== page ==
Breaking Through to Gen Z with Better Data
What do we know so far about Generation Z? We know that they are the youngest generation, born after 1995, so they’re not a target market for most financial service providers. But soon enough, they will be, and lenders should be prepared for when that happens. Gen Z, though dubbed as “millennials on steroids,” differ from millennials in a few key ways.
This article is part III of a series snapshot of Data-Driven World: Breaking Through to Generations with Better Data. Learn more about Gen X and millennials with parts I and II.
Gen Z were young when the 2008 recession hit, so they grew up with an inherent skepticism of big banks. While they share a sense of social responsibility with millennials, they do so with one foot firmly grounded in financial security. We surveyed nearly 700 American consumers to get a sense of Gen Z’s attitudes and behaviors toward lenders. Here’s what we found:
Key Attributes of Gen Z
Not only does Gen Z tend to shy away from big banks, but they’re also less tied to institutions like universities. Research shows that 64 percent of Gen Z are considering an advanced college degree, compared to 71 percent of millennials. Fully aware of the crushing student debt their older siblings and parents went through, they embody a more independent, entrepreneurial spirit. Many may bypass higher education altogether and move straight into the workforce, making them likely to start saving for retirement earlier on.
By the numbers:
- Gen Z is 55% more likely to want to start a business than millennials.
- Only 50% said they have a credit card.
- Although 39% rank mobile banking as a top service, it’s not the most important part of their banking relationship. They also value in-person interactions.
- If they dislike a new experience with their accounts, only 7% would stay with their current provider.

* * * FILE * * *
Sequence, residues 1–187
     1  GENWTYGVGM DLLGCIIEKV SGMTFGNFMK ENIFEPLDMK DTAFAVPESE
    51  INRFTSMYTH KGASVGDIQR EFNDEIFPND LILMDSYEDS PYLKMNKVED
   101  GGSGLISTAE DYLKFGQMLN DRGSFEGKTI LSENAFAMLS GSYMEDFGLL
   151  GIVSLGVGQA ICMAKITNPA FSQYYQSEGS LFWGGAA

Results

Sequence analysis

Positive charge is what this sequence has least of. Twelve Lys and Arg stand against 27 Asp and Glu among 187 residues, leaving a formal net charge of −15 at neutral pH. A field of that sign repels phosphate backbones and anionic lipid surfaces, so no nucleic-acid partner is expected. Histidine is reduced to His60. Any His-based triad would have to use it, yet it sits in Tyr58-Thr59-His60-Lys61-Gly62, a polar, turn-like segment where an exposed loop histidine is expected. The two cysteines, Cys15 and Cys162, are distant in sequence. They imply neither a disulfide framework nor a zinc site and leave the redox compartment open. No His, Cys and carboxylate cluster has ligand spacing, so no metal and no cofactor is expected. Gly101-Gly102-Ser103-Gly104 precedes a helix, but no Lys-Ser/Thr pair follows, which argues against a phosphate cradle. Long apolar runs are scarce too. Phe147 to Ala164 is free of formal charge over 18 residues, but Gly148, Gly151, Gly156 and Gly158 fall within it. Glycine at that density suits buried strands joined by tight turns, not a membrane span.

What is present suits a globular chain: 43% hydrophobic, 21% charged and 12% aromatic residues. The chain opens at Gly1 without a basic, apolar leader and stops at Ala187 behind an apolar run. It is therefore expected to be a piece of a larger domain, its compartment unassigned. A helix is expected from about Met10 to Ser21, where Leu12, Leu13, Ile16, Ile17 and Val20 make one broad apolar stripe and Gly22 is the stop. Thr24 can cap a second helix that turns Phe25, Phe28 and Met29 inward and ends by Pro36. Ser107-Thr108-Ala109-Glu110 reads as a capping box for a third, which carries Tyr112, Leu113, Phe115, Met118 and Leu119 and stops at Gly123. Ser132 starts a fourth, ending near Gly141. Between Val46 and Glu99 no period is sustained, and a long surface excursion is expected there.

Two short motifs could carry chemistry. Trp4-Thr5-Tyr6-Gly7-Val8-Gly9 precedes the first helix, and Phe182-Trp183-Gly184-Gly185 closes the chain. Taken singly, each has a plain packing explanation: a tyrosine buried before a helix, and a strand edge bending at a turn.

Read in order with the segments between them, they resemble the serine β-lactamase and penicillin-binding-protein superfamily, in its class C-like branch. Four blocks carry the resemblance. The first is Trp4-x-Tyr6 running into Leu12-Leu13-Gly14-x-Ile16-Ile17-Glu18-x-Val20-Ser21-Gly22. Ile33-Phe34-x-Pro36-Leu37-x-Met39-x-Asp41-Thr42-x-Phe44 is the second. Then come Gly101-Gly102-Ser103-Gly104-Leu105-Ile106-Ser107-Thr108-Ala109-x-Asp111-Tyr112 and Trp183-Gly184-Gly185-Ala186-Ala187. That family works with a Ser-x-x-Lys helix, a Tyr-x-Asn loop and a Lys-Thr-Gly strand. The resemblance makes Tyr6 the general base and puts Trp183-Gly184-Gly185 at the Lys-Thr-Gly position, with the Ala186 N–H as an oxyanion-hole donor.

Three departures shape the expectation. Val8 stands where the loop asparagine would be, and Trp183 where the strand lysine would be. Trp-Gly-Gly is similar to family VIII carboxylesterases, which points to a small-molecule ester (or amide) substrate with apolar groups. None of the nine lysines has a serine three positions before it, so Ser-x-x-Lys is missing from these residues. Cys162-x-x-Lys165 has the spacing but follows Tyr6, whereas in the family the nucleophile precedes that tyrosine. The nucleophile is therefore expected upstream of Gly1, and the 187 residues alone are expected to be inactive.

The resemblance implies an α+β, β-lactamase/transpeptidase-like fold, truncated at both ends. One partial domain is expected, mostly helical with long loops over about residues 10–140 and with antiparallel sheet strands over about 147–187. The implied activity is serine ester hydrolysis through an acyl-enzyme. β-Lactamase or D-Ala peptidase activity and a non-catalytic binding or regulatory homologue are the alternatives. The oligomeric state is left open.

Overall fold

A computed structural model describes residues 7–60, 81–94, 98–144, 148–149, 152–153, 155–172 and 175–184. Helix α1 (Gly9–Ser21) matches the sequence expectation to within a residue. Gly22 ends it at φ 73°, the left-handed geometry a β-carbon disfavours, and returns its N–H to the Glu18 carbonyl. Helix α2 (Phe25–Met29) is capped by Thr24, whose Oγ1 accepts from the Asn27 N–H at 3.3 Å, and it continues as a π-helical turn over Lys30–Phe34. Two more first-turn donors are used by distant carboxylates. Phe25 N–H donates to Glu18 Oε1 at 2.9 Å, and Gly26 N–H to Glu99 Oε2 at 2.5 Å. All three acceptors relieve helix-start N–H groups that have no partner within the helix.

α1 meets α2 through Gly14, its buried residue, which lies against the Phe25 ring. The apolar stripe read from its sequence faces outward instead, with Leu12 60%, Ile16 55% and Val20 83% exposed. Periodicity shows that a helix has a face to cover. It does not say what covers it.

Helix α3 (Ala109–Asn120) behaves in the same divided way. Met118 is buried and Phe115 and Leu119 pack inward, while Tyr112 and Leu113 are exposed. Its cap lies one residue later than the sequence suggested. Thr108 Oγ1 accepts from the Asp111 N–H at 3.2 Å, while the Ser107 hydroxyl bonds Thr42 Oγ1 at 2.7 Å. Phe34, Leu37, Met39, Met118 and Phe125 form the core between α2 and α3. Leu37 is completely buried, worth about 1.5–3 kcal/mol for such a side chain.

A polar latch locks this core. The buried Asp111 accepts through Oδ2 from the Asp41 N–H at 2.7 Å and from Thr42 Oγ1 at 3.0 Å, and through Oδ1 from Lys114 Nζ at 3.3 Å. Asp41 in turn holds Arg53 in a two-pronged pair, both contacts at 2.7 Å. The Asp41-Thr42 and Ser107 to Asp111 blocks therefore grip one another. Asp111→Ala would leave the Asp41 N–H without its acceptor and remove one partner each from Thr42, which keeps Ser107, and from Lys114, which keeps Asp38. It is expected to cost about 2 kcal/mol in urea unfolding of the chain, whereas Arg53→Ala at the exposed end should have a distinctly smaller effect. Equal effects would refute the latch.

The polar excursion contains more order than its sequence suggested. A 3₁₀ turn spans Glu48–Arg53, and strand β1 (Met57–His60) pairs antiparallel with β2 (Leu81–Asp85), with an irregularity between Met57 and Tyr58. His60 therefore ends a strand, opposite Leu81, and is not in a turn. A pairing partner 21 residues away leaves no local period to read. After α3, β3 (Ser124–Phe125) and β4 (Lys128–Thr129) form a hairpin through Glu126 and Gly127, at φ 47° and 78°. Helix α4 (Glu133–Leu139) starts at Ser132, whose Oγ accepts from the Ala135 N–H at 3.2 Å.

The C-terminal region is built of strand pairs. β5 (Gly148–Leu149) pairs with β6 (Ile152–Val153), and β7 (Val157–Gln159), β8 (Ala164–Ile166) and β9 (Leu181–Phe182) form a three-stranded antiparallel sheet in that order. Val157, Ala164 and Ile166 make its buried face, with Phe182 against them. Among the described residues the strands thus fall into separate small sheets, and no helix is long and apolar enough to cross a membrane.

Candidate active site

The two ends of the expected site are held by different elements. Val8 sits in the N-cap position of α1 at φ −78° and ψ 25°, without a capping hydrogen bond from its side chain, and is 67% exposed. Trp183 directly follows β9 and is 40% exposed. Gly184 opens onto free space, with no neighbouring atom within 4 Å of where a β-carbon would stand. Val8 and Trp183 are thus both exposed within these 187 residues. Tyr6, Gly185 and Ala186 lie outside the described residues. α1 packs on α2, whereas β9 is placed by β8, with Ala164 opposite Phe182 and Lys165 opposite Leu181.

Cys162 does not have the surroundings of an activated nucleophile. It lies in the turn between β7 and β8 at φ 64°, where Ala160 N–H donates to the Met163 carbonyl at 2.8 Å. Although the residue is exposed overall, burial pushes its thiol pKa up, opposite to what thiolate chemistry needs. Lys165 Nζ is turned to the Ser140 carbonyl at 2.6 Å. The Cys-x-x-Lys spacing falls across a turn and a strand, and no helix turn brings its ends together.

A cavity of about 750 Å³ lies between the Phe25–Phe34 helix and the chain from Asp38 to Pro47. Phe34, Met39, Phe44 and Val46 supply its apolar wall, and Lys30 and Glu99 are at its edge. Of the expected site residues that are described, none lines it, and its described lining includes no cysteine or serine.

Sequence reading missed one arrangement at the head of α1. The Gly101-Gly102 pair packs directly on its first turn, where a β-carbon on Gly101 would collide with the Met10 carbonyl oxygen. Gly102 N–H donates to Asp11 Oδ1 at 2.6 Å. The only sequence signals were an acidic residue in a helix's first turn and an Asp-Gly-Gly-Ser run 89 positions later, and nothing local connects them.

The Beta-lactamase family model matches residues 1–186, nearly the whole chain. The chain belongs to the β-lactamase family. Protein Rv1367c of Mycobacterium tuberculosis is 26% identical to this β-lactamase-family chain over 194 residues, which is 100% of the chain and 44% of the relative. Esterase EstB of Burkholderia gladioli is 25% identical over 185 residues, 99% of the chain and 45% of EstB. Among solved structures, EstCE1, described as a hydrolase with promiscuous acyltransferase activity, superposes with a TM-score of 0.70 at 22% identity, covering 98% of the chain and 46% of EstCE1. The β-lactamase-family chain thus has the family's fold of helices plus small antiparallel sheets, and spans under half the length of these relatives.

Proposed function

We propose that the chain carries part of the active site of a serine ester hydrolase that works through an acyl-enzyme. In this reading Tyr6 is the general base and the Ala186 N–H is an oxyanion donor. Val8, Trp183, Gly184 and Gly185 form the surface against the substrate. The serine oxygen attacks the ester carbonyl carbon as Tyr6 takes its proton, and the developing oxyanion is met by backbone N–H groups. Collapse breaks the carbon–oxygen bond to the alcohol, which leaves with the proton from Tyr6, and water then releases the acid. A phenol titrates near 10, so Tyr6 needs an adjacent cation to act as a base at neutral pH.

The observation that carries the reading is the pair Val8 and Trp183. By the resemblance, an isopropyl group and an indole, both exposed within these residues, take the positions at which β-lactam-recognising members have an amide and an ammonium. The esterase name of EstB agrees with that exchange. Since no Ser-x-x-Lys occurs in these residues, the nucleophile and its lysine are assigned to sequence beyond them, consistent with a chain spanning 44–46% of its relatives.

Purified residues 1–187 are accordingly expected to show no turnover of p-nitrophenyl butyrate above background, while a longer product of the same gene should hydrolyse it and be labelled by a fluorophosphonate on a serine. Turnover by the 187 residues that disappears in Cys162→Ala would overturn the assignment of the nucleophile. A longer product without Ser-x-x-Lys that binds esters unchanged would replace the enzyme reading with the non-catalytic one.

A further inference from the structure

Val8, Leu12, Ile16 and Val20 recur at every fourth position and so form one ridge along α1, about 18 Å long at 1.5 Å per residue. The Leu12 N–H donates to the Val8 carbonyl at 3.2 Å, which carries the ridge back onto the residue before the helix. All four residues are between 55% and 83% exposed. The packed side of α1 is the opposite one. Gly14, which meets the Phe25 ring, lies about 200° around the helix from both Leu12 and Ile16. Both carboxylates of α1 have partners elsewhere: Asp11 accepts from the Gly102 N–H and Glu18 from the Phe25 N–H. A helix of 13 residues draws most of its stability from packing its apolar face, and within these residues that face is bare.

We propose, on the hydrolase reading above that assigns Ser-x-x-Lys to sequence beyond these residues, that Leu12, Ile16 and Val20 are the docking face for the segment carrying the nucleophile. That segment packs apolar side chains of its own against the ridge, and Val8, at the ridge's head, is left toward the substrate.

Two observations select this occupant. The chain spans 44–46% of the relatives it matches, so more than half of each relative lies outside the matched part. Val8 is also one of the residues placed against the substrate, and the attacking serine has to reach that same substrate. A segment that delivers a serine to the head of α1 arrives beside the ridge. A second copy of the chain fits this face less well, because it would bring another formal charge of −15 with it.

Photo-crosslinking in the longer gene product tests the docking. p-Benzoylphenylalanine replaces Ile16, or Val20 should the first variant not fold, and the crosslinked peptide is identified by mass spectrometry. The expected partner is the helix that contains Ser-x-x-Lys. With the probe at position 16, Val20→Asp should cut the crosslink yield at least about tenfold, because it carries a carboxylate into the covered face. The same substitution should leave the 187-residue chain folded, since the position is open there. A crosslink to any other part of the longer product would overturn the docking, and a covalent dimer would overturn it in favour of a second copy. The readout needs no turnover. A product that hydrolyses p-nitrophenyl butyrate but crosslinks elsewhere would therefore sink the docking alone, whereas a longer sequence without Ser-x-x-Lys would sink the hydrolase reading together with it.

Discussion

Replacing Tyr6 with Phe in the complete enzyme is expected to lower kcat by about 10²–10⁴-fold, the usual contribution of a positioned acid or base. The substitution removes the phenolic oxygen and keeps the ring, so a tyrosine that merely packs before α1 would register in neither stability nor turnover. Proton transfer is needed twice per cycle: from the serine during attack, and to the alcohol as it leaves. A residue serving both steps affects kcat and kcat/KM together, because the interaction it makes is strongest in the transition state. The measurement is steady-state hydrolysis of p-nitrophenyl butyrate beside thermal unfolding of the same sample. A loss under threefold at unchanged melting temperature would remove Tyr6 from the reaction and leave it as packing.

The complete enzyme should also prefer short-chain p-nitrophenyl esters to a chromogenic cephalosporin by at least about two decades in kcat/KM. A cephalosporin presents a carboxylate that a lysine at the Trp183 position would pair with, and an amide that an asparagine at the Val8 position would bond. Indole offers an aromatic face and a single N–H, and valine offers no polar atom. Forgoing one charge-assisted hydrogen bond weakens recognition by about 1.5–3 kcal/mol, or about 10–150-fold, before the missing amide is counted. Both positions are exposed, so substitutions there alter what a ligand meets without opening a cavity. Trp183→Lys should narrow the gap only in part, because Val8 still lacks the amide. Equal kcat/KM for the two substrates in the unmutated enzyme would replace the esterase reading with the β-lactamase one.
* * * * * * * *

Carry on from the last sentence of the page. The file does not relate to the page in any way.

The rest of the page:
In line with the environment they grew up in, Gen Z are not optimistic about the future. A Business Insider survey found that 71 percent see their lives getting more challenging in the future, more than any other generation. That doesn’t mean, however, that they’re looking to banks and governments to solve all their problems. They’re self-reliant. All this to say: Lenders won’t reach Gen Z by offering to take care of everything for them; they’ll reach them by offering tools they can use to do it themselves.
And it won’t be easy to reach this generation. Their independent streak makes them unlikely to rely on any one service provider. They’ll diversify their banking assets and do plenty of research into their options, so starting a two-way conversation with them is vital. That’s where alternative data comes in handy.
Engaging Gen Z with Alternative Data
Gen Z exhibits lower credit card usage than any recent generation. According to research from TD Ameritrade, 60 percent typically prefer to pay with debit card, and only 18 percent with credit card. With such thin credit files, how can lenders and underwriters understand which consumers to reach out to?
One emerging method for enhancing risk profiles is to use social media data. But unlike millennials, Gen Z are shifting away from heavy social media use. Concerned about the future repercussions of public posts, they favor platforms like Snapchat and Instagram stories that disappear within 24 hours. As such, using social media history as a means of verifying identity or establishing credit risk will be less and less reliable.
They do, however, have plenty of data available from student loans, car loans, and mobile phone bills. And these are data points that provide an accurate picture of payment history and financial responsibility. Twenty percent of our survey respondents said they are willing to share information about their utility and telecom accounts for their credit risk profiles. This number will only increase as they get older, start to take ownership of their payments, and explore new options for credit access.
Check out ID Analytics’ case study on the predictive accuracy of alternative data for credit inclusion.
Although Gen Z have a much less robust credit history than other generations, they still have plenty of demand for access to credit. As they begin to start their own businesses, take out loans, and save for retirement, they’ll pay the most attention to the lenders that speak to their needs. Financial service providers will miss out on lucrative opportunities with this elusive generation if they don’t find a way to identify and engage creditworthy applicants in a memorable conversation.
Want to learn more about how alternative data can help to build robust risk profiles? Talk to one of our data experts today.
You may also like:
- eBook: It’s Time to Rethink Credit Scoring
- Breaking Through to Millennials with Better Data
- ID Verification for Credit Applications: How Utility Data Boosts Security & Expands Reach
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About Amy Hou
Amy Hou is a Marketing Manager at Urjanet, overseeing content and communications. She enjoys writing about the latest industry updates in sustainability, energy efficiency, and data innovation.